As part of Lebrary’s commitment to promote our authors, we have embraced social networking, which really does drive traffic to the site. Sites we focus on are Linkedin, Twitter and Facebook, where we have started a Fan Page to promote authors.

We have also developed a Facebook game called Book Pile Up, which shows our authors' book covers and is great fun.

This is only the beginning of a long and interesting journey. I’m sure there will be more arrows fired in our direction, but if you believe the recent AAP report that eBook sales jumped by 252% in the first quarter, then this wagon train is well on the way to the Publishing Promised Land.

Tuesday, June 1, 2010


Drum roll, please. It is time to announce the person whose name I drew for copy #1 of Publish Your Nonfiction Book. In my last post, I wrote that I didn't know anything about Doris except that she has a beautiful smile. Well, I guess the smile worked. I drew her name. Congratulations, Doris.

That's not all. Doris is a writer, traveler, and photographer who lives in China at the moment. She keeps an active web page at Doris Gallan . Her latest post on crossing a busy street in China is an adventure in itself. As an armchair traveler, I intend to visit Doris' site often.

Remember that two additional copies of Publish Your Nonfiction Book will be given away to members of this community (e.g. followers of Calling All Aspiring Writers of Nonfiction Books). I will draw a name for the next copy at the end of June. Everyone who has not already won a book this year is eligible.
While I was exploring various web sites, this past week, I found four opportunities that I want to share with you.

1. Here's a heads-up alert about another nonfiction agent that I've added to our list. The agent's name is Regina Ryan of Regina Ryan Publishing Enterprises. Guide to Literary Agents Blog has an interesting interview with her.
This is her advice on making a positive impact with a proposal:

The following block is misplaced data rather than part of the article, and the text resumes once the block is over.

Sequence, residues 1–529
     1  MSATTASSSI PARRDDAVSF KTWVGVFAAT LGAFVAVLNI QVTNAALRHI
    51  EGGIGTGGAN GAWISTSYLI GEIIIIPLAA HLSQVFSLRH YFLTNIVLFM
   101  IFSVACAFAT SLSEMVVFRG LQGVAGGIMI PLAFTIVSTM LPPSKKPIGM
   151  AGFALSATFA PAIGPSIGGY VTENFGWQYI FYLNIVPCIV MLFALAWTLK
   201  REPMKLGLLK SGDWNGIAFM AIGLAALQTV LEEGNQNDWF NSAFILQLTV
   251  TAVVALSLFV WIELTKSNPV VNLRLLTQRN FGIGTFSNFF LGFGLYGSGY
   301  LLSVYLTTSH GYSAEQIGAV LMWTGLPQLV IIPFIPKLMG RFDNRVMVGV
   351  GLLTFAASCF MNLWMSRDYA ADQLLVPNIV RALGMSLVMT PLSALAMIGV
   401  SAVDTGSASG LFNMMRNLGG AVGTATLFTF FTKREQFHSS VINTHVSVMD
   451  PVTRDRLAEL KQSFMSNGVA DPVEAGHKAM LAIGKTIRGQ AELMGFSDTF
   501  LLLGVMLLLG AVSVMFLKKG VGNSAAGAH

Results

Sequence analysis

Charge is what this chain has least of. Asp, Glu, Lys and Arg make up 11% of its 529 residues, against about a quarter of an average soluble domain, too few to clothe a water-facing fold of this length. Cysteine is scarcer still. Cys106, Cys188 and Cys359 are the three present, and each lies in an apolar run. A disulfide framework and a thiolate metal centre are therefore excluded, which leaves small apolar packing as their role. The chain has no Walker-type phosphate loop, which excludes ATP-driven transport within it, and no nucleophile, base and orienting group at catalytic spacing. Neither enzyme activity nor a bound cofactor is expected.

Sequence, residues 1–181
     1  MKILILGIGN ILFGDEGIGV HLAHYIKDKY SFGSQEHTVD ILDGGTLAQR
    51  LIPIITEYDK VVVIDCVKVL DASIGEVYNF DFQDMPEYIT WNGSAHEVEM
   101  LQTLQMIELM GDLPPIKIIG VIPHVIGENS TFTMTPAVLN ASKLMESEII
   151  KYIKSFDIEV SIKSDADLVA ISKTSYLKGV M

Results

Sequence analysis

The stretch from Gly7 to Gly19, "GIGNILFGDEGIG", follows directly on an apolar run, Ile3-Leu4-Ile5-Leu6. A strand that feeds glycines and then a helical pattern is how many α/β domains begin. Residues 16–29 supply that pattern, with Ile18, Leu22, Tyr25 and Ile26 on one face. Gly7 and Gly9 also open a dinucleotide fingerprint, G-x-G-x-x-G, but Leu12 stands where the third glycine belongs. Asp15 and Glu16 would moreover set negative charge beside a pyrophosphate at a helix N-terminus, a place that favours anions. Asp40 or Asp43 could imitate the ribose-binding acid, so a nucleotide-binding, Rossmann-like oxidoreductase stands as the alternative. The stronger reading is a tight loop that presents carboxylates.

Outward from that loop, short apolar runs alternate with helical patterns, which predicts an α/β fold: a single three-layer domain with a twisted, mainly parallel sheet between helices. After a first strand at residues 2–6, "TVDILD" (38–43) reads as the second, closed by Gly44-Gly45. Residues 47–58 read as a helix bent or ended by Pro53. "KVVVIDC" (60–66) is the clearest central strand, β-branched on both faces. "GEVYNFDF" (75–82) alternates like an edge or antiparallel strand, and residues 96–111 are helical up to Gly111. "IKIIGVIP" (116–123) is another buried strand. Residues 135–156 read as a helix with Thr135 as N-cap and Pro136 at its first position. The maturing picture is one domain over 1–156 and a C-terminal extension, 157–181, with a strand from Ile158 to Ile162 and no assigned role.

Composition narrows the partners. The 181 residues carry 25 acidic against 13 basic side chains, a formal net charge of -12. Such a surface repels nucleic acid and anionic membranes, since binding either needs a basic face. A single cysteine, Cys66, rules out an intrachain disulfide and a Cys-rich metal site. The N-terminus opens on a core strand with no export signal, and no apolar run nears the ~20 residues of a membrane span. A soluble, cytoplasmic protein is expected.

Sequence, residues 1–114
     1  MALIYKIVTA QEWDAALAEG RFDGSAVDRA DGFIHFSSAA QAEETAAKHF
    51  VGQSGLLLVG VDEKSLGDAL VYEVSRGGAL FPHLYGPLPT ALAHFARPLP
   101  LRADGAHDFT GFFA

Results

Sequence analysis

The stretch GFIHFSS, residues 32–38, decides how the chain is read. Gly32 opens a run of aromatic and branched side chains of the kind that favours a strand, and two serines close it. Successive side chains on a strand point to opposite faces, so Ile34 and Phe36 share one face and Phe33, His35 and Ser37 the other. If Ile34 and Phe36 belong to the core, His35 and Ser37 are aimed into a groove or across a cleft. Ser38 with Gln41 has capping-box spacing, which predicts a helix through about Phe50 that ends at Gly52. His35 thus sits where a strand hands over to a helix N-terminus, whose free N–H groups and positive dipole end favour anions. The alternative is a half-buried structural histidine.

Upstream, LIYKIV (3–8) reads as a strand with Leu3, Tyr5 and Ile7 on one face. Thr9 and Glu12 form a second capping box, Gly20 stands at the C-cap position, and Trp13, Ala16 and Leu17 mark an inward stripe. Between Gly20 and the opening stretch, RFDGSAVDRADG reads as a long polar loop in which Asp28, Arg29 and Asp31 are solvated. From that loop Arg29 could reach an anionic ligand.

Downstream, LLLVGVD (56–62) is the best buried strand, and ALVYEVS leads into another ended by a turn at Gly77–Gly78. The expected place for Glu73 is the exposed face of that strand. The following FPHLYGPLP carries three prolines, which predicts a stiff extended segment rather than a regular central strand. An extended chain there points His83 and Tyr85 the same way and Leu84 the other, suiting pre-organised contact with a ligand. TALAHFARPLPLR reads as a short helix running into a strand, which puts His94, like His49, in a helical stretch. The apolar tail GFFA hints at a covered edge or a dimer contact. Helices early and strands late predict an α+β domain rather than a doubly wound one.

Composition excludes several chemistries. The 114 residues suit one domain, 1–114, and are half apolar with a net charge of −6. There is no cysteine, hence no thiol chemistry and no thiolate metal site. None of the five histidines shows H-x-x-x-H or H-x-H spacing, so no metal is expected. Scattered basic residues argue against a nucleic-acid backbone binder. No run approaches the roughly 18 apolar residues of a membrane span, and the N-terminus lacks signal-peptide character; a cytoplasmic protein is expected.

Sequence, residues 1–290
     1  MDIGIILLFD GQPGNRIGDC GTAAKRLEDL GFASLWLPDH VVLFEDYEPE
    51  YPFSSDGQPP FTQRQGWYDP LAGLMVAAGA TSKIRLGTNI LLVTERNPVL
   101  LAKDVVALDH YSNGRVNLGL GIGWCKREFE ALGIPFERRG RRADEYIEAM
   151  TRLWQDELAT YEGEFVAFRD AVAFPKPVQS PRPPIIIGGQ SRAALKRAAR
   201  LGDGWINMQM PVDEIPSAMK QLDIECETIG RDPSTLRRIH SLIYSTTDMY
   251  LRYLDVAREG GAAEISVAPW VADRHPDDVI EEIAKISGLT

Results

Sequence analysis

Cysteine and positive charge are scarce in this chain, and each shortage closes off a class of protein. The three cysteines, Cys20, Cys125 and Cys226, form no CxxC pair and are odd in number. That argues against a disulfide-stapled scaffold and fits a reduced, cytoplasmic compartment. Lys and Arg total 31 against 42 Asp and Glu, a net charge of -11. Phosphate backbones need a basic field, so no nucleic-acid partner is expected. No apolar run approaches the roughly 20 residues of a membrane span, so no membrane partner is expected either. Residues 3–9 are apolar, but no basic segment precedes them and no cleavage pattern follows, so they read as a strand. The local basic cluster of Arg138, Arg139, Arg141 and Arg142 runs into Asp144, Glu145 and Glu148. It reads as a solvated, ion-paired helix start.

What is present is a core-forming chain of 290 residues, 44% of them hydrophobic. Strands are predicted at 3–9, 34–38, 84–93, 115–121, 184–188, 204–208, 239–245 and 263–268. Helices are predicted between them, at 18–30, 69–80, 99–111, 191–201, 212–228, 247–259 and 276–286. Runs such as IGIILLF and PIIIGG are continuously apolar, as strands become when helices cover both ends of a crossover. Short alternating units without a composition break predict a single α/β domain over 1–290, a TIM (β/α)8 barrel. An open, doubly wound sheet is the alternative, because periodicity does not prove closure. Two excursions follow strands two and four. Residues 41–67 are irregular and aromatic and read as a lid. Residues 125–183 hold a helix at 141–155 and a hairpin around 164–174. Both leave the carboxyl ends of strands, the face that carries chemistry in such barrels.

"1) Say what your book project is right away on one or two sentences, without a big preamble; after that, you can explain it more fully. 2) Do a careful, thoughtful, sharp analysis of the competition. It would be good to include Amazon sales figures with your analysis. Figure out why your book is different and better than each, and articulate that fully. It's a key to selling your proposal and book."
Link to the complete interview, here.

2. Narrative Magazine has a spring contest you might want to explore. The contest is open to nonfiction as well as to fiction. The list of possible entry types is impressive. This is their lead:
"Our spring contest is open to all fiction and nonfiction writers. We're looking for short shorts, short stories, essays, memoirs, photo essays, graphic stories, all forms of literary nonfiction, and excerpts from longer works of both fiction and nonfiction. Entries must be previously unpublished, no longer than 15,000 words, and must not have been previously chosen as a winner, finalist, or honorable mention in another contest."
First prize is $3,250, entry fee is $20, and the submission deadline is midnight PDT on July 31, 2010. To review complete details, link here.

3. Carpe Articulum Literary Review has a June special for their revolving contest. From the Winning Writers Newsletter, comes this information: "Carpe Articulum Will Accept Free Contest Entries During the Month of June! We're looking for short fiction, essays, poetry, novellas, and photography. Email your entries with your contact information and a cover sheet to Please include code FREEJUNE1WW on the cover sheet."
Visiting their web site and following the detailed instructions is the best way to enter the contest. Link here. Remember to include FREEJUNE1WW on the cover sheet.

4. The editors of Cup of Comfort books has put out a call for submissions for their newest volume: Cup of Comfort for Christian Women. Their request:
For this anthology of 40-50 inspirational true stories, we are looking for narrative personal essays (creative-nonfiction short stories) written by and for Christian women that reveal how one's faith has provided (provides) insight, guidance, comfort, and joy in navigating one's life."
Compensation is $50 + one copy of the book for each story published. Submission deadline is August 15, 2010.
For complete submission guidelines, link here.

Next time, look for an update from David Nicholls about